WARSAW (Reuters) - The U.S. Army Europe has deployed a Patriot missile defence battery near Warsaw as part of joint exercises with Poland aimed at reassuring the NATO member in light of the conflict in neighbouring Ukraine.
Poland, in NATO since 1999, does not have its own system to protect against ballistic missiles and is to take a decision regarding the supplier for its medium-range missile defence system within weeks.
“We have always been friends and we have been allies for the last 16 years,” Polish Defense Minister Tomasz Siemoniak told a joint press briefing with the U.S. ambassador on Saturday.
“During this time we have always been by the side of the United States. When we are in need, the United States have firmly stood by our side,” Siemoniak said.
U.S. Army Europe said earlier this week that the aim of the week-long exercise was to “reassure allies, demonstrate freedom of movement and deter regional aggression on the eastern flank of NATO.”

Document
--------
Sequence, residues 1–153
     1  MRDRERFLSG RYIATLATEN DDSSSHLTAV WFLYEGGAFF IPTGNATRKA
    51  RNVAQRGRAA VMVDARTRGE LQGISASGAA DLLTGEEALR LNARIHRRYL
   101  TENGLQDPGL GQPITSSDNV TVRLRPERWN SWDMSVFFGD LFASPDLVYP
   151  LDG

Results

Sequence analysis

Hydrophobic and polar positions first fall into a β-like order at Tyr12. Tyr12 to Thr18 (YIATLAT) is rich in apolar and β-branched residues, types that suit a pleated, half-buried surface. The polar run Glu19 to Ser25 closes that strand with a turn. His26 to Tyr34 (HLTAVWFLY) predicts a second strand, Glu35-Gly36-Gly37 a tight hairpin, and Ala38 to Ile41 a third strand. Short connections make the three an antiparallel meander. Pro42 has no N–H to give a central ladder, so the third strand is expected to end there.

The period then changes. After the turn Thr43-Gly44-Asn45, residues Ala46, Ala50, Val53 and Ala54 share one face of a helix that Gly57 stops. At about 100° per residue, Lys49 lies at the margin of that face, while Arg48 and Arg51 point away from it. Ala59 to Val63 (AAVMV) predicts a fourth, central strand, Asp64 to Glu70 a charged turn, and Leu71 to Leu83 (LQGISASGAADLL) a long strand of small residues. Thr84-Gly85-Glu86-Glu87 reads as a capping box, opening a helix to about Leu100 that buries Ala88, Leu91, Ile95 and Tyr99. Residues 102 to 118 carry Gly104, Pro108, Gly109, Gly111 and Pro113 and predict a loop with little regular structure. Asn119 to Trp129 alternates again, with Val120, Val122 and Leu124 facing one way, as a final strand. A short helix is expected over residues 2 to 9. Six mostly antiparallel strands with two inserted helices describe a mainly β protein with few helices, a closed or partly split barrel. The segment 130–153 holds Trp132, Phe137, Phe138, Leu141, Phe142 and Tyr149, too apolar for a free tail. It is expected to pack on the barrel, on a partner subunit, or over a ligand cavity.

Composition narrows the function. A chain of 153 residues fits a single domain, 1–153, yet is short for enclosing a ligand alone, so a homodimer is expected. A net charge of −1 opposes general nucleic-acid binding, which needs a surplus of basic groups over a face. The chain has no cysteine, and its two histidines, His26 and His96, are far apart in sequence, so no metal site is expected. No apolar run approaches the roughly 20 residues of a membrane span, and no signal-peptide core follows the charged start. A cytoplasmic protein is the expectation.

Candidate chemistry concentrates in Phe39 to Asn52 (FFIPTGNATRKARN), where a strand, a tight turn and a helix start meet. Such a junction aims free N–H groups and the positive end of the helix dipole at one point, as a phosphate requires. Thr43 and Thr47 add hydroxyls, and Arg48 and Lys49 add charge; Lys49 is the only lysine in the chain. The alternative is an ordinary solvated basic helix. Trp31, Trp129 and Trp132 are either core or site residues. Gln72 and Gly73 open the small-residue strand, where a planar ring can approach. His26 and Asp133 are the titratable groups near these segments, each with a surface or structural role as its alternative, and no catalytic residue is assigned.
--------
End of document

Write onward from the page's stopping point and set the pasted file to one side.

The Patriot missile battery, which is manufactured by U.S. firm Raytheon, arrived in Poland accompanied by 100 U.S. soldiers and approximately 30 vehicles.
The ground-to-air missile defence system was deployed at a military base in Sochaczew, a city roughly 50 km (30 miles) from Warsaw.
Siemoniak said it was natural for Poland to train with allies on defending the city.
“We are here to show our Polish allies that U.S. security guarantees for Poland as part of NATO mean something more than only words on paper,” the U.S. ambassador to Poland, Stephen Mull, said.
The deployment follows unofficial Russian media reports that Russia deployed Iskander ballistic missiles in its Kaliningrad exclave neighbouring Poland as part of exercises earlier this week.
Poland plans to choose the supplier for its medium-range missile defence system within the next few weeks. Warsaw short-listed Raytheon and a consortium of France’s Thales and European group MBDA in the tender last year.
Reporting by Marcin Goettig; Editing by Stephen Powell